The AU’s first two decades have largely represented a magical, mystical world of unfulfilled expectations.
Most citizens feel that it is pointless to vote because it won’t change anything.
The entire transport sector in Kenya is extremely chaotic and in need of urgent policy and legal interventions.
Young people’s use of technology such as Twitter shows that they are interested in politics and governance and have found a way to participate.
Racial and gender disparities in access to work are entrenched features of the South African labour market.
South Africa can’t possibly remain the same country in the aftermath of this mayhem. There are just too many storms ahead to simply continue unchanged.
Many unemployed young people are engaged in a variety of economic activities. These may not necessarily be recognised as a form of self employment or informal employment.
Ethiopian history shows that the demands of its young people can’t go unaddressed for long.
Relying solely on job placement as an indicator of successful intervention misses out on outcomes that are equally important, or more so, amid high structural unemployment.
The country has built a fairly good reputation for well-functioning, democratic governance.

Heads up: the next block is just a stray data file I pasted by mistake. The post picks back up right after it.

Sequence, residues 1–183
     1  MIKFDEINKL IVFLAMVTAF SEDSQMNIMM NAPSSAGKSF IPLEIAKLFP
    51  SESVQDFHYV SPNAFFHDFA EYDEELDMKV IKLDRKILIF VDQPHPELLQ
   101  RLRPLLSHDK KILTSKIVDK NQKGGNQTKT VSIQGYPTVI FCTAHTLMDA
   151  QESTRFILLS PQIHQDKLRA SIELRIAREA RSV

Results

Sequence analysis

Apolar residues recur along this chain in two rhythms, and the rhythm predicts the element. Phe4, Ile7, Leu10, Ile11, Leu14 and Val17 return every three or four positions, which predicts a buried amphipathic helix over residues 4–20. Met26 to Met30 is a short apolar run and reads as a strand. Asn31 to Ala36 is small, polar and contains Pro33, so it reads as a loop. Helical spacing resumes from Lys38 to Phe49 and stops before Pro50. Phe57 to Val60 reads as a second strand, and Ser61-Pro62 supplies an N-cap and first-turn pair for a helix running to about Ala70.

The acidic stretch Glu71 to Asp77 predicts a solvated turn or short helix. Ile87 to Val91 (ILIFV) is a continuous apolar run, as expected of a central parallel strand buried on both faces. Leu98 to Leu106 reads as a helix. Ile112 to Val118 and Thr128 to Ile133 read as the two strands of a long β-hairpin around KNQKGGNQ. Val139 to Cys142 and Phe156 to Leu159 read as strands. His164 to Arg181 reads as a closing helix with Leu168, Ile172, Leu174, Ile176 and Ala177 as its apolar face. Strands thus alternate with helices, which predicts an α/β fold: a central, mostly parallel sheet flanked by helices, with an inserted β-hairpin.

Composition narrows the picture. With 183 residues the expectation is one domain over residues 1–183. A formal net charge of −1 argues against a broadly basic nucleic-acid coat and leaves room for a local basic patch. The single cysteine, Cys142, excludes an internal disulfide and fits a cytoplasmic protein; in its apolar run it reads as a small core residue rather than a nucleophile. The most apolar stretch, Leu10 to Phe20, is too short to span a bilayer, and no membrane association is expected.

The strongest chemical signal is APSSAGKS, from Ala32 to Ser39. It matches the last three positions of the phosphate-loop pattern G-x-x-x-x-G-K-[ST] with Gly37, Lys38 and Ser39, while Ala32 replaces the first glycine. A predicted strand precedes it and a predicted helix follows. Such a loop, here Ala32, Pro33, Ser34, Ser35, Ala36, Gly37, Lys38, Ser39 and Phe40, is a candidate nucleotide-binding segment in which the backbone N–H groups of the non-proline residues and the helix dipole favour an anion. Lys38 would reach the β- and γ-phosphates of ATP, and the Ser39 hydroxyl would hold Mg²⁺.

Africa is far from having an ageing farming population. What is missing is a critical mass of skilled, young farmers with access to finance who could drive productivity in farming.
Employment programmes cannot replace economic growth in improving youth employability, but they play a crucial role in helping them find work.
Western perceptions of what’s happening in Tunisia differ sharply with Tunisia’s daily reality: the truth is that its political transformation is in trouble.
Research shows that unrest, even terrorism, can erupt in poor countries with a surplus of young people and not enough jobs. Can Niger, a once-peaceful sub-Saharan African nation, handle its baby boom?
A national minimum wage could benefit young people who have jobs and stimulate those who have given up trying to find work. But those without work need additional help.
The African Union has identified youth as critical for development. But, a new survey reveals a wide gap between these aspirations and the reality of youth public engagement on the continent.
Scenarios on global trends over the next 20 years point to some serious challenges for Africa. Whatever actually happens, it’s important for the continent to put in place mitigation strategies.
Why is Africa so saddled with ageing presidents who ought to be enjoying their retirement in peace when the continent desperately needs young, agile and innovative leaders equal to its challenges?
How realistic are expectations about Africa’s economic prospects? There are several reasons why we should be both optimistic and cautious about the continent’s future economic performance.